Home >mint-lounge >features >Film Review: Broken Horses

Set in dusty terrain near the Mexican border, Broken Horses, the English film by writer, producer and director Vidhu Vinod Chopra, is about two brothers—a retake of his best-known Hindi film Parinda (1989), which had Anil Kapoor, Jackie Shroff and Nana Patekar.

Firmly in the tradition of Westerns, it follows the lives of two orphaned brothers. The elder one, Buddy (Chris Marquette), sees his father being shot. Vulnerable, and described as “slow", Buddy is recruited by gangster Julius Hench (Vincent D’Onofrio) and turns into his key assassin. While Buddy grows up in a lawless environment, younger brother Jakey (Anton Yelchin) is a violinist auditioning for the New York Philharmonic orchestra, and about to get married. But first Jakey must return home to receive his wedding present from his elder brother. Returning to that one-horse town opens up unhealed wounds and forces the brothers to confront some ugly truths.

Hench refuses to let go of Buddy. He will do anything to keep his most efficient, easily manipulated killing machine on the rolls, including bumping off Jakey. When Jakey realizes what Buddy is up against, he orchestrates a rather poorly designed plan to help them both escape.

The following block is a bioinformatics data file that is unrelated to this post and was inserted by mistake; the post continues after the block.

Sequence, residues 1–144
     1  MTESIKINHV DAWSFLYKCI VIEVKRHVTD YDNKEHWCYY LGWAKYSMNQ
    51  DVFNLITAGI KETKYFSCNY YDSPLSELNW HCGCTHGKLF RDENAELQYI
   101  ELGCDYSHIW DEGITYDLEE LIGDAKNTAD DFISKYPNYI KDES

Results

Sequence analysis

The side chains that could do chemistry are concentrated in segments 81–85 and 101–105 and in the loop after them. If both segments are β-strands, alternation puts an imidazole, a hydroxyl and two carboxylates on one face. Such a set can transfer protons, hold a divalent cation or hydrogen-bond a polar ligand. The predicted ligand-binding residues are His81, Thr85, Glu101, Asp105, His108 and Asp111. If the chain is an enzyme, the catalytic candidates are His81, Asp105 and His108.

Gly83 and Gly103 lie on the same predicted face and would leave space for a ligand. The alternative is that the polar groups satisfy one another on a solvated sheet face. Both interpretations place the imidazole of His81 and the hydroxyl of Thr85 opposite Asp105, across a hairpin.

The performances are mediocre, with D’Onofrio coming across as comically theatrical. Yelchin as Jakey is comatose. Henry Shotwell, playing the younger Buddy, is flat, while Marquette as the older Buddy overdoes the blubbering and wide-eyed innocence supposed to convey his mental disability. The dialogue is derivative and the direction leans heavily on devices and gimmickry. Bizarrely a wheelchair-bound music teacher breathlessly offers clues to an untold story.

Chopra tries to balance Hollywood gloss with Bollywood melodrama, without success. Tom Stern’s camerawork is first-rate and the milieu is believable. The production design includes a visually arresting ranch with a lone white horse and a house on stilts at the edge of a lake. But Broken Horses is ultimately burdened by its own rhetoric and ambition.

Broken Horses released in theatres on Friday.

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